They thought they had escaped from it all. But just as the Norton Rose property team got used to the sunshine, they suddenly had to put their legal wit to work at Mipim. "In the world of international law, we are accustomed to dealing quickly and efficiently with unexpected commercial problems, and we've just had to respond to one from an unexpected corner," it told guests. So what was this crisis? Had recession hit? Had war broken out? Had somebody died? Alas, it was something far worse: the owner of Orient Star, which Norton Rose charters each year for entertainment purposes, had just disclosed that he had missed the deadline for lodging the necessary papers to secure a mooring in the popular spot beside the conference centre. To add to the horror, the only place that could be found for the ship was in the Old Port, a good five minutes walk away.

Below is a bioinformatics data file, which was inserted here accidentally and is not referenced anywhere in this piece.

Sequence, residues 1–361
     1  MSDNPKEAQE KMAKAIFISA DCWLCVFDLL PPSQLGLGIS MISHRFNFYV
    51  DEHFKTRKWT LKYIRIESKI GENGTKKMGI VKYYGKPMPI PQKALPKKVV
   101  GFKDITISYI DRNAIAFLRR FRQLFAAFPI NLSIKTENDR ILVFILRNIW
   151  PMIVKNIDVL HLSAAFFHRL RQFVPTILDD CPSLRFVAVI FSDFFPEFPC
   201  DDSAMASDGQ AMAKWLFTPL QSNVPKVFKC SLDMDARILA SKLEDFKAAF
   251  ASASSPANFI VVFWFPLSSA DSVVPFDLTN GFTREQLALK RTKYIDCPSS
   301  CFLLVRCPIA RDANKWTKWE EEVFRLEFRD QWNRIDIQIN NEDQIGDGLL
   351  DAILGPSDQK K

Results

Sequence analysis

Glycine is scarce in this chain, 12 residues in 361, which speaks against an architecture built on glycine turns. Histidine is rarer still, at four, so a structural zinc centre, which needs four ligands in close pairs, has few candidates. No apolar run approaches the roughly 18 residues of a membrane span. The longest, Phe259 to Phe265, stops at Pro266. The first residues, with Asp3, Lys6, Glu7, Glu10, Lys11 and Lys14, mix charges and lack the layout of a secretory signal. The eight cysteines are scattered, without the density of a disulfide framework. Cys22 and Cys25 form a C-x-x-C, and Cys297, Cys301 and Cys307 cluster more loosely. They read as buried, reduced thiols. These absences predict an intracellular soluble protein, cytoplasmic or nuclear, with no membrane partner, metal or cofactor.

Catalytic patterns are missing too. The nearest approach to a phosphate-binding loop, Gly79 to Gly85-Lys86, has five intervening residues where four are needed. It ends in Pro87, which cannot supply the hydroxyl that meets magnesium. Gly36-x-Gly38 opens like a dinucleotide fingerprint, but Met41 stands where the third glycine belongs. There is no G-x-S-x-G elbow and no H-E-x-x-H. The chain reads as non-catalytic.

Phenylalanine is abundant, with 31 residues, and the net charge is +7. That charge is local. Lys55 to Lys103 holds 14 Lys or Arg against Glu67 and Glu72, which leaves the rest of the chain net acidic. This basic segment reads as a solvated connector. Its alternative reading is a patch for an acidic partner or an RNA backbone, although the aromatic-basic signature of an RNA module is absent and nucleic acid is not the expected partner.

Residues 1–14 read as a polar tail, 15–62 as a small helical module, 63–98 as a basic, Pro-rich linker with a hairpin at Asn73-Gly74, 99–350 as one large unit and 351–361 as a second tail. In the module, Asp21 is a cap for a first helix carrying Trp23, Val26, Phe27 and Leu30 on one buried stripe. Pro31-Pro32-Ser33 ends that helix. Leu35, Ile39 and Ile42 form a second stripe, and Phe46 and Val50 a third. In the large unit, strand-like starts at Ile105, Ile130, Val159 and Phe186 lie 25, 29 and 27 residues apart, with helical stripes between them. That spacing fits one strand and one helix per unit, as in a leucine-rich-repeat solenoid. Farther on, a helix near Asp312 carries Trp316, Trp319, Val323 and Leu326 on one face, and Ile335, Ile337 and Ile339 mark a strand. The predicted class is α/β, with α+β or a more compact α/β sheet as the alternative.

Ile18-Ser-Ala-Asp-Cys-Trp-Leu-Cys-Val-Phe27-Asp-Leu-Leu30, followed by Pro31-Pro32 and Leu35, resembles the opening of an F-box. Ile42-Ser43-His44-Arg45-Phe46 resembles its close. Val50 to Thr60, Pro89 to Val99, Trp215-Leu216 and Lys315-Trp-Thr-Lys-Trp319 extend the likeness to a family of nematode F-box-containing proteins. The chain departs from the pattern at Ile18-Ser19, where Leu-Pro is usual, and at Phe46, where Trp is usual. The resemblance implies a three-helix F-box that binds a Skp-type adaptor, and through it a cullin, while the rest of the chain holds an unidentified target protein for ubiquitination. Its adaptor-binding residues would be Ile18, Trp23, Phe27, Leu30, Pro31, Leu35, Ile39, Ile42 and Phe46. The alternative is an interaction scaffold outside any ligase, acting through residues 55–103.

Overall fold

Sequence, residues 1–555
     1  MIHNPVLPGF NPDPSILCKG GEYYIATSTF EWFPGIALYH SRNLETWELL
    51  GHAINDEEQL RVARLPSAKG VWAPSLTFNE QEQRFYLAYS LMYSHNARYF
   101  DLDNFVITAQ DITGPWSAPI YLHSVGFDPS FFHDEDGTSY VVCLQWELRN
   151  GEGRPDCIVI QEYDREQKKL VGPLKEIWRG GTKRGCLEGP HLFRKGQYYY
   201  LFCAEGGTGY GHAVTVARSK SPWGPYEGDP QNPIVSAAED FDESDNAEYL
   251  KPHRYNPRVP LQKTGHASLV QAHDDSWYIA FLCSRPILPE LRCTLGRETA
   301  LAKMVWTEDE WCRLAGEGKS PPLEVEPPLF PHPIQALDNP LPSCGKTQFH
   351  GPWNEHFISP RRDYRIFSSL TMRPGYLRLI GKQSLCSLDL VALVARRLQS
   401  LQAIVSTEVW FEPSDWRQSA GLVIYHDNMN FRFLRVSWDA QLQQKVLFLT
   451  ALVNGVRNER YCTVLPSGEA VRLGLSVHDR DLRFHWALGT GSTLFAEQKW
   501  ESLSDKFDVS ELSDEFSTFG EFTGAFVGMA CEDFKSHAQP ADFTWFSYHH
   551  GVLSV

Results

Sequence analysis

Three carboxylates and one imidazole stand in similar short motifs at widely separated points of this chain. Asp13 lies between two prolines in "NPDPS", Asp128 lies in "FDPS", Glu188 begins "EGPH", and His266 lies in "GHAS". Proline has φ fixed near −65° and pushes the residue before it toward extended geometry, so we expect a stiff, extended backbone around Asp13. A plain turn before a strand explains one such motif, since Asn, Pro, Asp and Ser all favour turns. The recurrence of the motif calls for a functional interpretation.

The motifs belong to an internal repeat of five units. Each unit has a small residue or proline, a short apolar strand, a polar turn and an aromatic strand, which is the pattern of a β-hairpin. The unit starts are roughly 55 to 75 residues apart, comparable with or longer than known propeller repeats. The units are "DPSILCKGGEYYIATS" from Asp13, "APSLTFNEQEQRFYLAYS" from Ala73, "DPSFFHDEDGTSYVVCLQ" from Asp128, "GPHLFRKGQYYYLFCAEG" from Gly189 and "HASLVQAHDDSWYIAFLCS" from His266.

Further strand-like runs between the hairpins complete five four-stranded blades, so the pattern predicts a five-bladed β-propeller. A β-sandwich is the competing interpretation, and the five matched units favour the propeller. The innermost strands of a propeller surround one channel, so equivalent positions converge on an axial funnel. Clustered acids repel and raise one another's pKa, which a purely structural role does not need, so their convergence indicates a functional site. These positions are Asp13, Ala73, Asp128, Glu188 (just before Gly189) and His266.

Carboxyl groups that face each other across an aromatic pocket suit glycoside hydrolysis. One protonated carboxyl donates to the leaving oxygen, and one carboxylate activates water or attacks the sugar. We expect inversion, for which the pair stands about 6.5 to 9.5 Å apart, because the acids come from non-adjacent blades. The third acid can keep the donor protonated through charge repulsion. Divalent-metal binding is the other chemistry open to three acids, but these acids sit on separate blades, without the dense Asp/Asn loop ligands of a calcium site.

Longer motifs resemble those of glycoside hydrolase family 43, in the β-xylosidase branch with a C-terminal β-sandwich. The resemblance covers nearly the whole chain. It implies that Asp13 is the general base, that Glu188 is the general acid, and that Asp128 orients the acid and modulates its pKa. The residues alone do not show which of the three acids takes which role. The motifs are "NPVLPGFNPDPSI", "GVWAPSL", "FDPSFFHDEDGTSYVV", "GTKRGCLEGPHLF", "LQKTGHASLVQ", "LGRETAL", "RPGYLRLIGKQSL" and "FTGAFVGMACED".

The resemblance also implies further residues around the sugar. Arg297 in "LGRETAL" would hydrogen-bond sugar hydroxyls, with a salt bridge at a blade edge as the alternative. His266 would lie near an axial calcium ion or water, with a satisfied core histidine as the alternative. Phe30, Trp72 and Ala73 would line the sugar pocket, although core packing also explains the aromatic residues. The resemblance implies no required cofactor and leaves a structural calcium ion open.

While others opted for smartcars or Land Rovers to transport their guests, or - dare I say it - suggested the old-fashioned one-foot-in-front-of-the-other approach, Norton Rose went one better: it hired a fleet of white stretch limousines (well okay, there were only two) to ferry guests from the conference centre to the Vieux Port. To avoid any confusion, the cars were cannily labelled with "Norton Rose Courtesy Car". With drivers ready and waiting, it seemed the gravest of disasters had been averted. But Tulkinghorn could not help noticing how the system fell open to abuse by hijackers. At the many hotspots around Cannes, Mipim delegates could be seen emerging slightly sheepishly from white limos and looking both ways to check for any hidden Norton Rose partners, before scurrying towards their chosen destination. The wonders of human nature.